The rollout of gigabit broadband continues in a few Seattle neighborhoods, although it’s unclear how many people have opted to subscribe to the ultrafast service.
CenturyLink this week announced that it had “connected nearly 22,000 households,” fulfilling its August pledge to reach “tens of thousands” of homes with the new service.
“Connected” suggests that 22,000 homes have signed up, but that may not be the case.
When asked for more details, a CenturyLink spokeswoman declined to say how many households have actually signed up for gigabit service in Seattle. She said gigabit service is now “available” to nearly 22,000 customers.
Details about uptake would be helpful for the city, which is considering whether it should develop a municipal broadband service that could potentially reach more residents and lead to price competition among the handful of broadband providers. It’s an open question whether the majority of residents would pay more for gigabit service.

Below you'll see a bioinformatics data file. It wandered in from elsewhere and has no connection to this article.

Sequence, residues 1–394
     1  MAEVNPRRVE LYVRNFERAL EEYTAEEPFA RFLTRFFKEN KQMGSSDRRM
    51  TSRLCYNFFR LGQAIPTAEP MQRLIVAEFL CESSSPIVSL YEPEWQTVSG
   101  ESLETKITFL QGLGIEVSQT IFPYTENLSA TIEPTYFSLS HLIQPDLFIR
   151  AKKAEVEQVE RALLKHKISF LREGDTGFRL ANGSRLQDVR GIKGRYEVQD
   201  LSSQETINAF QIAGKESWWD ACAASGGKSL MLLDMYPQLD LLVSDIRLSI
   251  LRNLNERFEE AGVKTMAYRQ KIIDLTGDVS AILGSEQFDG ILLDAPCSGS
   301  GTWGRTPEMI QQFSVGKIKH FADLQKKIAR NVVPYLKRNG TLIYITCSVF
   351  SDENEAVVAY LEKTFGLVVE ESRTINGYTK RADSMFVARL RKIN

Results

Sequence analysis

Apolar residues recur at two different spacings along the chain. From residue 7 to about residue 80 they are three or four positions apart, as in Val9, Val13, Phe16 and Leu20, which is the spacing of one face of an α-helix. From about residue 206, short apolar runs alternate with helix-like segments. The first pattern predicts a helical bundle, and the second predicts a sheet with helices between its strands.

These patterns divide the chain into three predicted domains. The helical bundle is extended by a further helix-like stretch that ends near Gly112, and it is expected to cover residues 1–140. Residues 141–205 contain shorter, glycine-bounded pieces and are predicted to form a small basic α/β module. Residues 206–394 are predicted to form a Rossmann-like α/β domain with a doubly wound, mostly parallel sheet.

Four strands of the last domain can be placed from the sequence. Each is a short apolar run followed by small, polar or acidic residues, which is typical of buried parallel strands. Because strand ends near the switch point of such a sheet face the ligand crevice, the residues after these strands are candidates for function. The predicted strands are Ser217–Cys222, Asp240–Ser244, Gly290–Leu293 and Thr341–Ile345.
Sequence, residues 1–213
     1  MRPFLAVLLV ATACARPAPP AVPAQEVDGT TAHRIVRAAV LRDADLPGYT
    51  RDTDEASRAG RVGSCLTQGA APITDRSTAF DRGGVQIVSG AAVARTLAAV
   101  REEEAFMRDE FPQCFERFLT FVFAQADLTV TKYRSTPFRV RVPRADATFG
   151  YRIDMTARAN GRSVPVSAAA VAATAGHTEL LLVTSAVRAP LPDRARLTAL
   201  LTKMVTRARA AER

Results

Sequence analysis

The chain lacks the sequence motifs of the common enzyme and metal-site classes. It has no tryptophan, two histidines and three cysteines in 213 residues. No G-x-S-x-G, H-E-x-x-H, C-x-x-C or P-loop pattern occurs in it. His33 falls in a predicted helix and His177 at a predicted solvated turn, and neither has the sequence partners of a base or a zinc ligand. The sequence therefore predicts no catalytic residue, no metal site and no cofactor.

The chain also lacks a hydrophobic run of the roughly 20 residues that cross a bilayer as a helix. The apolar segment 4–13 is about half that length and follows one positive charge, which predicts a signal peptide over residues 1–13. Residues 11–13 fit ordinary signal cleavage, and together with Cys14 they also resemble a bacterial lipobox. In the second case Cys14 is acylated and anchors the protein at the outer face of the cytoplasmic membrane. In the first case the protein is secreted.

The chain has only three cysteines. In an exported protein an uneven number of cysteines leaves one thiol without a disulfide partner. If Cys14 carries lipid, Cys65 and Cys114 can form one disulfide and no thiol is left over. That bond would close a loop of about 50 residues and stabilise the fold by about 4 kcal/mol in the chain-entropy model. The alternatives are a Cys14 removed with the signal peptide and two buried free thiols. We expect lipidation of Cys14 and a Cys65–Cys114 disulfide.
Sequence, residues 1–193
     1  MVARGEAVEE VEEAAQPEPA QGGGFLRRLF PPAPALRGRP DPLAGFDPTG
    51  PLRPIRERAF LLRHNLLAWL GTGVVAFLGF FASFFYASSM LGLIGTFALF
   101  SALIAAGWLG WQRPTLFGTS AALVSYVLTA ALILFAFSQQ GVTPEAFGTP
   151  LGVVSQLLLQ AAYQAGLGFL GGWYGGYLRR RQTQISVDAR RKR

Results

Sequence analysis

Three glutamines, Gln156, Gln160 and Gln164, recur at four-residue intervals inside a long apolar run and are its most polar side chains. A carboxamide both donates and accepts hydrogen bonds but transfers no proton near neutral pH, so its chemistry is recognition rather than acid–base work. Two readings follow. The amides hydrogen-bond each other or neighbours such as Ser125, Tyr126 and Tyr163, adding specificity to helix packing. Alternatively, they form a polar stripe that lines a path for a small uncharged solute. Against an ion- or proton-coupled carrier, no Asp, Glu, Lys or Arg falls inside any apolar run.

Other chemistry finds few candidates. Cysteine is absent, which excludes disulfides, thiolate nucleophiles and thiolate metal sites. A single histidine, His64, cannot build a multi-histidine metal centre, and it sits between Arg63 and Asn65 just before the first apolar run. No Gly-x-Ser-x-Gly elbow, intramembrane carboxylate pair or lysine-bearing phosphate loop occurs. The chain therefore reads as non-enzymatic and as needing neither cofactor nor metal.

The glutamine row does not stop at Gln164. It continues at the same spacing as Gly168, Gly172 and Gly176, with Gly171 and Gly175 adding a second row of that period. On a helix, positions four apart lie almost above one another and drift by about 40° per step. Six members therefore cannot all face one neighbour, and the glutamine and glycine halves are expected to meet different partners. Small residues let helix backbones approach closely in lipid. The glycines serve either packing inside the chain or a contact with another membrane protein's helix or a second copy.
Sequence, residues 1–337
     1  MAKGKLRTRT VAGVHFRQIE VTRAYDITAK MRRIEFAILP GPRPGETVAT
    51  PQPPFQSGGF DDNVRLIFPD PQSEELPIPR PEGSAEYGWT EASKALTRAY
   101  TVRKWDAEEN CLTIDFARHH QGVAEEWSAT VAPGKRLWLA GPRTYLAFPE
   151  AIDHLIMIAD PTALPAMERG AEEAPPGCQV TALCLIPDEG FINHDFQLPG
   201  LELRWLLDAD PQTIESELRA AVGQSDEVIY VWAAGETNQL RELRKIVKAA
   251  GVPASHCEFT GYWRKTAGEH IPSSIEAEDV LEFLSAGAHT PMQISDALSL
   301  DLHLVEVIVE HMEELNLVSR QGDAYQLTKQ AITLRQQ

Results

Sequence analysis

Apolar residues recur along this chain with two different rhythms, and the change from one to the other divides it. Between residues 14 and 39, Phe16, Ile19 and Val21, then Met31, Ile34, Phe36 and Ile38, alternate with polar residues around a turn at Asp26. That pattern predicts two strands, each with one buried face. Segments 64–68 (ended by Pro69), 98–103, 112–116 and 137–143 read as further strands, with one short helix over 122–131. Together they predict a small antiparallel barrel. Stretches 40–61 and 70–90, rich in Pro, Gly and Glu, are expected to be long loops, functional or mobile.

Consultants preparing a report on the city’s options will be conducting phone surveys to gauge interest in gigabit service and results should be available in April, according to Michael Mattmiller, the city’s chief technology officer.
In Kansas City, where Google began the gigabit stampede by offering the service for $70 per month, uptake is mixed, according to surveys done for the Wall Street Journal and Sanford C. Bernstein and reported in October. They found that only 10 percent of residents in poorer neighborhoods subscribe to gigabit service, while 42 percent of residents in middle- and upper-income neighborhoods opt for gig service.
CenturyLink charges more than twice as much for gigabit service in Seattle — $152 per month for undbundled gigabit broadband, after promotions.
CenturyLink is continuing to expand the reach of its gigabit service in Ballard, where the rollout began last summer, and has started bringing the service to West Seattle.
Meanwhile, CondoInternet is now installing the backbone for fiber-optic, gigabit service that it’s bringing to the Eastlake neighborhood. It will charge a flat rate of $80 per month for gigabit service.
The first Eastlake customer should be connected on or before Dec. 19, according to Amy Thompson, director of marketing.
“Hang tight Eastlake, Fiber is coming soon,” the company said in a blog post Tuesday.
Other neighborhoods better hang tight, as well.